For Operation ‘Barbarossa’, the invasion of the Soviet Union, the German Army disposed four Panzer groups. One of each of these served with Army Groups North and South. Under the control of Army Group Centre there were two Panzer groups. In this account we are concerned with the 2nd Panzer Group, commanded by General Guderian, which had on its establishment three Panzer corps and one infantry corps. Each regiment of Guderian’s Panzer divisions had a higher than usual establishment of battalions—three instead of two. This higher establishment equipped his Panzer group with a total of 930 armoured fighting vehicles compared to the neighbouring Panzer Group von Kleist, which had only 750 machines on its establishment.
The 24th Panzer Corps, of which the 4th Panzer Division formed part, was placed on the left wing of Guderian’s group, and the campaign opened disastrously for Eberbach. In the advances of the first weeks he responded to a request from the 3rd Panzer Division for help and immediately changed his regiment’s line of advance to support the sister division. In the ensuing fighting the town of Baranovitch was captured in a coup de main. Despite this victory, the commander of the 4th Panzer Division threatened to charge Eberbach with dereliction of duty in disobeying his original orders. The charge was not proceeded with and Eberbach led his regiment in the capture of Stary-Bykor, one of the bastions of the Stalin Line, as well as in the capture intact of the bridges at Propaisk. It was the last-named, brilliantly executed Panzer action which led, perhaps, to Eberbach’s being named as commander of the 5th Panzer Brigade within the 4th Panzer Division. The storming career of Guderian’s Panzer group seemed to be unstoppable, and one after the other major Russian towns fell to the German thrusts.
A situation then developed in the fighting of mid-August 1941. The advance by the right, or inner, wing of Army Group Centre and the left, or inner, wing of Army Group South had been retarded by the terrain phenomenon of the Pripet Marshes. By contrast, the outer wings of both army groups had been more rapid. As a consequence, a vast salient had been created. The westernmost point of this was at Kiev and the eastern end was more than 120km past that city. The salient contained nearly sixty Red Army divisions, formed into five armies, and the possibility existed that that great mass of Red Army soldiers could be trapped and destroyed. But there was a difference of opinion at senior command level as to what was the correct course of action. Should the salient—this ulcer on the German flank—be left or should it be taken out? Among others, Guderian was of the opinion that the salient should be left unmolested until the thrust to take out Moscow had been made and had succeeded. The opposing voices claimed that this threat should be neutralised before the attack was launched against Moscow. That was the course of action that Hitler chose.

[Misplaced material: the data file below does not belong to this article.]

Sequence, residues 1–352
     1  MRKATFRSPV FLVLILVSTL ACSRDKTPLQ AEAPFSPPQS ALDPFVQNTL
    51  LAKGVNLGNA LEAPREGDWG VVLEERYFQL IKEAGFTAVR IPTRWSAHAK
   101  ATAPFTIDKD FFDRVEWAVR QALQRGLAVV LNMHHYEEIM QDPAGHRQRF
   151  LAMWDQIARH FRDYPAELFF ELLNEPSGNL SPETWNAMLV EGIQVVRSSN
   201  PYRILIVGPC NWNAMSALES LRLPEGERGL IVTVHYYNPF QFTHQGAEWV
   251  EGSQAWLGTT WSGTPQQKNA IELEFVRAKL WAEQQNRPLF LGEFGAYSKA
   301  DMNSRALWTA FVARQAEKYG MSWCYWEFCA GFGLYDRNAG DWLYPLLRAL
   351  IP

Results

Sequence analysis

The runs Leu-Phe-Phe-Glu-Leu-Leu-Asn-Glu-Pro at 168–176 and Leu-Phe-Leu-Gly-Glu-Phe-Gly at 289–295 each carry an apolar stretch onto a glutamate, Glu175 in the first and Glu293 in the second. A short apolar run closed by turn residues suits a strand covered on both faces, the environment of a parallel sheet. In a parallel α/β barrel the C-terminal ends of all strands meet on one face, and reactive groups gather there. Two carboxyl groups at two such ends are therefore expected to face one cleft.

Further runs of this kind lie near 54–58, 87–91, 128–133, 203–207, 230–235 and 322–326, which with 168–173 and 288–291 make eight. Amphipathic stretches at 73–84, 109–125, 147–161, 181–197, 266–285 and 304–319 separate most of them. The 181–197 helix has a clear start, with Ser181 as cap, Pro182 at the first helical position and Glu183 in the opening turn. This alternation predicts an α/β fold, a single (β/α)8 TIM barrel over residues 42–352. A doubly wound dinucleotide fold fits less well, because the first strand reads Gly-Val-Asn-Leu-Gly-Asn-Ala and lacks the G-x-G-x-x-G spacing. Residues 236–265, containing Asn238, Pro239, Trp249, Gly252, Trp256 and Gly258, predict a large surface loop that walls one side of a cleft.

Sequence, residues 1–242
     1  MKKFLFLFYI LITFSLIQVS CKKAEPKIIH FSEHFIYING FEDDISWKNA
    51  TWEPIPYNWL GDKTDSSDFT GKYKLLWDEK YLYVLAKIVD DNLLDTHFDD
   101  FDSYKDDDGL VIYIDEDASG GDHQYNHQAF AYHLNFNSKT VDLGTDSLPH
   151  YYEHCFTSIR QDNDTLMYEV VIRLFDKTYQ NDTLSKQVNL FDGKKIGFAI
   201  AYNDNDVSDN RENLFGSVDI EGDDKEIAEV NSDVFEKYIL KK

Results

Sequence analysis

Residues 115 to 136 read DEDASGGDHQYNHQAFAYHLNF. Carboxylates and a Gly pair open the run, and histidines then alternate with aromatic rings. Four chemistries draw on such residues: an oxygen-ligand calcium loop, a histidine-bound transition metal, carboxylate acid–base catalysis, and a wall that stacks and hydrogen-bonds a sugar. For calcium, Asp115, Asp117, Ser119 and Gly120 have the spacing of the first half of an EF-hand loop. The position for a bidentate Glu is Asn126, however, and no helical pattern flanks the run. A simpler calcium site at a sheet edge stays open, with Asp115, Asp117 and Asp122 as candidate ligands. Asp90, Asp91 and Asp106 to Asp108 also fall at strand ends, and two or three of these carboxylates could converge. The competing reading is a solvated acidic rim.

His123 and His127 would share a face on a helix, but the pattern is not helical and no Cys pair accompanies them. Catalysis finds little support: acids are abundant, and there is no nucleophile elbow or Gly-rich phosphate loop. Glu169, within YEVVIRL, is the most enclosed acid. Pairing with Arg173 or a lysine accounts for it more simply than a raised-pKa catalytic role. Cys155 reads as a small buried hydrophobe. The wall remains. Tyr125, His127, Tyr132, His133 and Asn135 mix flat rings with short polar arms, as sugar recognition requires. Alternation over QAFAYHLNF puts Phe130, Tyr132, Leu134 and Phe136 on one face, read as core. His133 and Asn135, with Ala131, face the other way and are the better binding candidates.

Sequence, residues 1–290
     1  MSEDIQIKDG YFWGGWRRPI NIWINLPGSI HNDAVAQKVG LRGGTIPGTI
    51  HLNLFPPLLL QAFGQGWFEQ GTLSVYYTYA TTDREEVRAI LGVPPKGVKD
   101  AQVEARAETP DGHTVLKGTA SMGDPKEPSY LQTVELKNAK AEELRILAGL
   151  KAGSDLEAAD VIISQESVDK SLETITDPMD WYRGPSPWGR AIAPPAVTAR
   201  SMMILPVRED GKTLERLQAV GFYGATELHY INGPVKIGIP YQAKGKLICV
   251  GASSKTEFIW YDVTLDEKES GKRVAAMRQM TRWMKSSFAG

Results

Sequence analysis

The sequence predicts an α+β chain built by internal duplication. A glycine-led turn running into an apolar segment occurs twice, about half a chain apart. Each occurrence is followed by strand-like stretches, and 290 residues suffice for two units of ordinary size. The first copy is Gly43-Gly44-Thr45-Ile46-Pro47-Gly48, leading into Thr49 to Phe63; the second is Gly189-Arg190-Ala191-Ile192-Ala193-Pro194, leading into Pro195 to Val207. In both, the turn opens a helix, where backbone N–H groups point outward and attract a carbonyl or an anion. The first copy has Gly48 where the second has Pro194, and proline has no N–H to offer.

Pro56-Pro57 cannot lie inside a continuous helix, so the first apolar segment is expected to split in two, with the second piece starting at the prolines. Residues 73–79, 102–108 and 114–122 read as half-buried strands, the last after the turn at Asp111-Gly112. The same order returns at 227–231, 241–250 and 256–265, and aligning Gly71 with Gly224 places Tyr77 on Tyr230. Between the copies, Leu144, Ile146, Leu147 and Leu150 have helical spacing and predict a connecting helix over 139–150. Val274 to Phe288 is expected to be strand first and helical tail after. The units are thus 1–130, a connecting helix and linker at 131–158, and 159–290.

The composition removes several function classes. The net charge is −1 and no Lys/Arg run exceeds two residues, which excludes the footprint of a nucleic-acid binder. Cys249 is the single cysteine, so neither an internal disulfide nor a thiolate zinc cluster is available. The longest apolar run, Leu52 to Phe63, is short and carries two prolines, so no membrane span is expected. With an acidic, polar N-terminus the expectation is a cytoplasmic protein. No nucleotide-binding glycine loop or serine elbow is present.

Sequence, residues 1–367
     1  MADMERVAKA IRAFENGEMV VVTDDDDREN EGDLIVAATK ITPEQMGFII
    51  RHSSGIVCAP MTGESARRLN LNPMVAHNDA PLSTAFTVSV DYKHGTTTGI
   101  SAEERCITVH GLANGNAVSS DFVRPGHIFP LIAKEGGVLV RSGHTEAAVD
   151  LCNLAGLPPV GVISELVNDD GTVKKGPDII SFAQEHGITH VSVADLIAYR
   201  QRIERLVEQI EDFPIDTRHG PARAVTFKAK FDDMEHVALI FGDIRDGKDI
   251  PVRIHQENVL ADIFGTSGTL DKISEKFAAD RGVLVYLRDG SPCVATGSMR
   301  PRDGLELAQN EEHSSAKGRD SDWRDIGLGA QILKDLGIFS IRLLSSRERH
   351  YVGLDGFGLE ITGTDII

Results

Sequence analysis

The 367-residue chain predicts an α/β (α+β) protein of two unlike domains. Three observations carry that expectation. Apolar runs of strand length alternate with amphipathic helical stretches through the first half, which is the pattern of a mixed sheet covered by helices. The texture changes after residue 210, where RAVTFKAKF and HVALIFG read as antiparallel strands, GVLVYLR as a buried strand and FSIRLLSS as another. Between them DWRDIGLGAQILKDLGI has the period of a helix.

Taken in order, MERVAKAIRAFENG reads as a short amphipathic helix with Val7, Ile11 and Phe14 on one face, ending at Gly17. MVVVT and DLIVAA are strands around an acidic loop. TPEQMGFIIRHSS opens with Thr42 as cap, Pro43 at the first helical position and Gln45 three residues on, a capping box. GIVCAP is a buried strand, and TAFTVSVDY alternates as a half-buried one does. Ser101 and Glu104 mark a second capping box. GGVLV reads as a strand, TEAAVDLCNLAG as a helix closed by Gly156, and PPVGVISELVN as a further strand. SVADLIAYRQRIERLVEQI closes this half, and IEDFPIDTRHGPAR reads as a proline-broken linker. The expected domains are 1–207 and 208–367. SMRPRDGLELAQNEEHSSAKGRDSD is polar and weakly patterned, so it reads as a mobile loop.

The battle plan was for an encirclement by units of both army groups. The Panzer formations of Army Groups South and Centre, already a long way to the east of Kiev, would swing inwards at Konotop (Army Group Centre) and at Kremechug (Army Group South) and encircle the Red Army formations. Meanwhile, the infantry of both army groups would play their part in compressing and destroying the Soviet forces. The task of Guderian’s 2nd Panzer Group was to advance eastwards and to capture the important railway junction at Konotop, for the Kiev-Moscow railway line was the channel that supplied the armies in the salient and it would be their principal line of retreat. The advance by Guderian’s Panzers was then to continue eastwards to take Romny. Here it was to turn southwards and to meet the Panzer force of von Kleist, which would be striking upwards from Kremechug. The meeting of the two Panzer groups would thus have encircled the Soviet troops of the South-West Front.
When the 13th Red Army was shattered on 17 August, the 2nd Panzer Group reached the Desna river. Guderian selected the 24th Panzer Corps to be the cutting edge of the offensive that was to drive southwards to meet von Kleist’s armour. Model’s 3rd Panzer Division, part of the 24th Panzer Corps, was to spearhead the corps’ assault with the 4th Panzer and 10th Motorised Divisions marching closely behind. Corps forced a crossing of the Desna river, established a bridgehead and then broke out of this to drive southwards and to capture firstly Shostka and then Voronezh.
On 28 August the careering advance halted. The two Panzer divisions had outrun their fuel supplies and were stranded, immobile, on the Ukrainian steppes. On the following day the corps commander regrouped his forces and, having refuelled them, sent them off again.